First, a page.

AMD Phenom II X4 965 BE

AMD’s release new quad core processor!
 
AMD Phenom IIAs time has gone by, it’s become widely accepted that AMD’s 45nm processors have much to offer to a vast number of consumers. Starting from the runt of the pack, the Sempron 140 2.70GHz single core all the way to the bang per buck monster, the Phenom II X4 955 Black Edition, the CPU manufacturer has aggressively pitched their processors against the entire Intel Celeron, Pentium and Core 2 range, often with lower price tags and/or higher clock-speeds. That’s not all because there’s also a cracking selection of motherboards from £40 to around £150, most of which sporting the infamous AMD SB710/750 southbridges, which can often unlock the cores of selected CPU’s, unlock CPU Multipliers and unlock missing L3 cache. When you factor in that LGA775 will soon be as dead as a dodo and with AMD’s plans to retain the same socket for future releases at least into 2011 (according to road maps), Socket AM3 CPU’s have arguably become the #1 choice for all users barring the “extreme” performance enthusiasts.
 
So you’d think that after making so much progress after over two years of falling considerably short of Intel’s offerings, AMD have some scope to feel a little smug? Sadly, far from it I’m afraid. They may have Intel’s line up attended to, right up to the Core 2 Quad Q9650 with it’s Phenom II X4 955 3.20GHz Black Edition but only in a matter of weeks, there’ll be a new kid on the block who goes by the name of Lynnfield. To be more precise, Lynnfield is Intel’s mainstream variant of the existing Nehalem Core i7 but on a new socket, LGA1156. Boasting the same architecture as the number crunching LGA1366 Core i7’s, minus Triple Channel Memory, Quickpath Technology, the upcoming lineup is expected to pack a considerable punch within a smaller and less complex package which will inevitably cost the consumer considerably less. It remains to be seen how well these processors will perform and how well they will overclock but if one thing is for sure, now of all days would be the worst time for AMD to sit back with their favourite glass of single malt, watch some television then perhaps go for a nap. After all, if one fail’s to prepare then one must prepare to fail and this is exactly what happened when the previous performance champion, the AMD Athlon 64 X2 series received a punch in the face by the well received Core 2 Duo “Conroe” core…And on that bomb shell I wish to present to you the latest addition to the Phenom II family. Meet the AMD Phenom II X4 965 Black Edition.
 
Model Clock Speed L2 Cache L3 Cache Voltage TDP Phenom II X4 965 Black Edition 3.4GHz 2MB 6MB 0.875 – 1.5v 140w Phenom II X4 955 Black Edition 3.2GHz 2MB 6MB 0.875 – 1.5v 125w Phenom II X4 945 3.0GHz 2MB 6MB 0.85 – 1.25V 95w Phenom II X4 940 Black Edition 3.0GHz 2MB 6MB 0.875 – 1.5v 125w Phenom II X4 920 2.8GHz 2MB 6MB 0.875 – 1.5v 125w Phenom II X4 910 2.6GHz 2MB 6MB 0.875 – 1.425v 95w Phenom II X4 905e 2.5GHz 2MB 6MB 0.825 – 1.25v 65w Phenom II X4 900e 2.4GHz 2MB 6MB  0.850 – 1.25v 65w Phenom II X4 810 2.6GHz 2MB 4MB 0.875 – 1.425v 95w Phenom II X4 805 2.5GHz 2MB 4MB 0.875 – 1.425v 95w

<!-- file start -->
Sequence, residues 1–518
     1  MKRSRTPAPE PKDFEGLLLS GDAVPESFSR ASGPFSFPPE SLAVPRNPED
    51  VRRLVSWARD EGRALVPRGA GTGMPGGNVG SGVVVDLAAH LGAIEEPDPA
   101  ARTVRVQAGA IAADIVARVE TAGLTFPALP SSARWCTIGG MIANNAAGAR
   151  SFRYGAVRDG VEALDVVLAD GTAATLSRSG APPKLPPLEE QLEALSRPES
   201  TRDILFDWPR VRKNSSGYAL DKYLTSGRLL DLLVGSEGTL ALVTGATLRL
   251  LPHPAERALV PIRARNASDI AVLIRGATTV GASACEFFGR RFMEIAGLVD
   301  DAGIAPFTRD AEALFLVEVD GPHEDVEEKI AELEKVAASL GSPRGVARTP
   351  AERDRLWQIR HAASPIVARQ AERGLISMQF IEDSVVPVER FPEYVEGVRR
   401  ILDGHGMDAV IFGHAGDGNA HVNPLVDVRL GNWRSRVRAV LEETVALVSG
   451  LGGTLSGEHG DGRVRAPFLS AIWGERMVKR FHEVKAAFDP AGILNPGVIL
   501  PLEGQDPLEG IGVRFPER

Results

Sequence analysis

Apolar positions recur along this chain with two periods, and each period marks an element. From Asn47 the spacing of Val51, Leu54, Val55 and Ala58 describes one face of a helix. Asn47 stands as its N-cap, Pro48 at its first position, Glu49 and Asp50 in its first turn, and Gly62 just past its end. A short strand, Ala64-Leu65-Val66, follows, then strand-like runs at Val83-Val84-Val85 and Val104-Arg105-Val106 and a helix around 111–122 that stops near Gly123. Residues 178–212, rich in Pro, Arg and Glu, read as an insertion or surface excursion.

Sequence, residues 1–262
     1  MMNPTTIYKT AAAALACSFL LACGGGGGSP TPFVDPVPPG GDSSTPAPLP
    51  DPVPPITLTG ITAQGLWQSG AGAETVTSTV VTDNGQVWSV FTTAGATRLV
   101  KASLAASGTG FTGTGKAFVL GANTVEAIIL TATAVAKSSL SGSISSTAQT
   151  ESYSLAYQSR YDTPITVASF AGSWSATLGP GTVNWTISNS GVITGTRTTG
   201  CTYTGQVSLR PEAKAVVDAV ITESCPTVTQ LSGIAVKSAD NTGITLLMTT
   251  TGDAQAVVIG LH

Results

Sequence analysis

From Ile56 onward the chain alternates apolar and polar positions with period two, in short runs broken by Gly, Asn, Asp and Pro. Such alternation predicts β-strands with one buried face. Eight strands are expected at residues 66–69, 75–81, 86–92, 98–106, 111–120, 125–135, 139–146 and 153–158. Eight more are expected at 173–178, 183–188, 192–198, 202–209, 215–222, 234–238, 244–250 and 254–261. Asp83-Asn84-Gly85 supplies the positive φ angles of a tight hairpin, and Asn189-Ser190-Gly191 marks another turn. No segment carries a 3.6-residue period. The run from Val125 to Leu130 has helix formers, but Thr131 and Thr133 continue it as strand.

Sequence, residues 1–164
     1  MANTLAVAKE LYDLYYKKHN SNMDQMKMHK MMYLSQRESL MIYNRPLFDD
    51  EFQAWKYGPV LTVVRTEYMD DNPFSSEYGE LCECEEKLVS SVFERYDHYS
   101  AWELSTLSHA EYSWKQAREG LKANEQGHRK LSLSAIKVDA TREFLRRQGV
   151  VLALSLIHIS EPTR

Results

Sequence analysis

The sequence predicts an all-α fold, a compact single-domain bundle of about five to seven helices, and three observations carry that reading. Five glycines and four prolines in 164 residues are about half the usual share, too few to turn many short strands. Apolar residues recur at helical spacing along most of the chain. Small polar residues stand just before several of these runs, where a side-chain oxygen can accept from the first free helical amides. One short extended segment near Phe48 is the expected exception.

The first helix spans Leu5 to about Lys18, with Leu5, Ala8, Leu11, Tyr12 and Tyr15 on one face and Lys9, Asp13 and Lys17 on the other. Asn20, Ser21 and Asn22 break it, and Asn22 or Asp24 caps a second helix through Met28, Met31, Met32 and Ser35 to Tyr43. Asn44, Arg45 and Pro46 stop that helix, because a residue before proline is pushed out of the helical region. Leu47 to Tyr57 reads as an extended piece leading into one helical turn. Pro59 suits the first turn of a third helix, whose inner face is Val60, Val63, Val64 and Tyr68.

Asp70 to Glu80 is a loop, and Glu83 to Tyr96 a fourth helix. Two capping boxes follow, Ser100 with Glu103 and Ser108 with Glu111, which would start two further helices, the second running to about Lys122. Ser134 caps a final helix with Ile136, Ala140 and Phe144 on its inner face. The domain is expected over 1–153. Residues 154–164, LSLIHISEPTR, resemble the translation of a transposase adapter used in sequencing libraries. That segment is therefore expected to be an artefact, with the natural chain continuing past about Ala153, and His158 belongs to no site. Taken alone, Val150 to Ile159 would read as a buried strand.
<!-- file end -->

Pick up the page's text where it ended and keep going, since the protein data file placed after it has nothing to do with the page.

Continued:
So here it is. Another AMD Phenom II based on the Deneb core. 6MB of unified Level 3 cache, 512kB of Level 2 Cache per core and a frisky 2000MHz on the Northbridge Clock. Aside, a 200MHz clockspeed increment, it is no different to the previous Phenom II X4 955 Black Edition. Ah, though it does have a 140W TDP, a 15W increase from the 955BE. From what I gather so far, it’s essentially the existing Phenom II with a clockspeed hike along with an increase in reference CPU Voltage to compensate for varying yields on the production line. Going by my previous experiences with overclocking AMD Phenom II processors, I would hope that this is more of a precaution rather than a requirement and that the yields of the Deneb core are improving quite nicely. All should soon be revealed when we get round to overclocking our sample.
 
So here’s a couple of questions that need answering. How much of a performance gain can be had from another 200MHz increment? Is this processor worth the £175 price tag? We’ll soon find out.
 
As usual at Overclock3D, to ensure all reviews are fair and unbiased, a standard set of hardware and software is used when ever it is possible. The systems we will be using today will consist of the following;
 
AMD Phenom II Systems
CPUZProcessors
AMD Phenom II X4 955 Black Edition 3.2GHz
AMD Phenom II X4 965 Black Edition 3.4GHz

Motherboard
Gigabyte MA770T-UD3P

Cooling
OCZ Gladiator MAX

Memory
4GB (2x2GB) DDR3-1333 Corsair Dominator

Graphics Card
NVIDIA GeForce GTX260 896MB

Hard Disk Drive
500GB Maxtor DiamondMax 22 (SATA 3Gb/s)

Power Supply
Tuniq Ensemble 1200w

Graphics Drivers
Geforce WHQL 190.38

Operating System
Windows Vista Ultimate SP2 (x64)

 
Intel Core I7 System
Processors
Intel Core i7 920 2.66GHz

Motherboards
Biostar TPower X58A

Cooling
OCZ Gladiator MAX

Memory
6GB (3x2GB) DDR3-1333 Corsair Dominator

Graphics Card
NVIDIA GeForce GTX260 896MB

Hard Disk Drive
500GB Maxtor DiamondMax 22 (SATA 3Gb/s)

Power Supply
Tuniq Ensemble 1200w

Graphics Drivers
Geforce WHQL 190.38

Operating System
Windows VIsta Ultimate SP2 (x64) 

 
Intel Core 2 Duo System
Processors
Intel Core 2 Duo E8400 3.0GHz

Motherboards
ASUS ROG Maximus II Gene P45

Cooling
OCZ Gladiator MAX

Memory
4GB (2x2GB) DDR2-1066 Buffalo Firestix

Graphics Card
NVIDIA GeForce GTX260 896MB

Hard Disk Drive
500GB Maxtor DiamondMax 22 (SATA 3Gb/s)

Power Supply
Tuniq Ensemble 1200w

Graphics Drivers
Geforce WHQL 190.38

Operating System
Windows VIsta Ultimate SP2 (x64) 

  
Now let’s move on to the results…